Asus ASMB5-iKVM Exploit Using Undocumented, Hidden Root Shell Accounts

While working on my Asus server, I discovered undocumented root shell accounts present on the Asus ASMB5-iKVM remote module that do not appear on the web interface. Incredibly, I was able to log in with an anonymous root account and view all other account passwords because they are stored in clear text.

This is security negligence on the part of Asus.

This exploit is supposedly fixed in firmware version 1.10, but the hidden accounts remained after the update. It is necessary to reset the IPMI module to factory defaults before this security mistake is fixed.

The Asus IPMI module provides ssh access on port 22. After logging in, check the /conf/clearpasswd file to list all other accounts on the module. You may see your own password displayed in clear text, along with the passwords for the administrator, root and "anonymous" accounts.

I update the firmware to version 1.10 over 1.5 years ago, but there was no security notice telling me to reset the module to factory defaults. In fact, the default option is to preserve settings. These root accounts have been on my server during that time and I had no idea until today. I discovered this by accident when trying to reset an account password.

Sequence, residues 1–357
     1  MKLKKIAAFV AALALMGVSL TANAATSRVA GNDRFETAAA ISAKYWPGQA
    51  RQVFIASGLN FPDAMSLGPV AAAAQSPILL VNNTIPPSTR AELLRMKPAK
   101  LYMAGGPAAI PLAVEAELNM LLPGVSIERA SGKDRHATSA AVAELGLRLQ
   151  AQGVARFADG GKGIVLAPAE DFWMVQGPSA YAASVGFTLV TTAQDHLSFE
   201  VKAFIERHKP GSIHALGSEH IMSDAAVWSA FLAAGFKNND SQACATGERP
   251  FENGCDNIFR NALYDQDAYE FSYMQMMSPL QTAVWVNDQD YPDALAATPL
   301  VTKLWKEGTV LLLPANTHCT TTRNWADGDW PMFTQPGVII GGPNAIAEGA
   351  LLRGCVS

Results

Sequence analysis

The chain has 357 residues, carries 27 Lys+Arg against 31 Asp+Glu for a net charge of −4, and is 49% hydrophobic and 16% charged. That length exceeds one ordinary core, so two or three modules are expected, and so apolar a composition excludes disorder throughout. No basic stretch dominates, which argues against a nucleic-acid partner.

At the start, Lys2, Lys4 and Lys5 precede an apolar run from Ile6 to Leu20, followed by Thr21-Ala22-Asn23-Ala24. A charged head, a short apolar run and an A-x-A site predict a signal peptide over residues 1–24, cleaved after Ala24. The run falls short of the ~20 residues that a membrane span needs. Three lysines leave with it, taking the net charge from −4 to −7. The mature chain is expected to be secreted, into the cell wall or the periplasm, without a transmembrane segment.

Mistakes and bugs are expected and always something to worry about in IT security. Keeping these types of problems hidden is not the solution. Asus' security is negligent not because of an amateur mistake but how it handled the problem.

Fixing the Mistake

If you have firmware older than 1.10, then update the module and un-check the box "Preserve system configuration".  Preserving the configuration will preserve the security problem, too.

If you installed version 1.10 and selected to preserve the configuration, you need to re-install version 1.10 and un-check the "preserve" box. Using "Maintenance -> Restore Factory" blocked login for the "anonymous" account but still permitted access for "root" with the default password shown above.

After re-applying the firmware and resetting configuration, I notice Asus' solution is to block all shell access to the console. After updating, you will only be able to use the "Smash" command interface. Busybox shell access is now blocked. This is an amateur solution to an amateur mistake.

November 25th, 2013 Posted by Jon Jaroker Filed in: Ignorance and Negligence, Server Hardware ,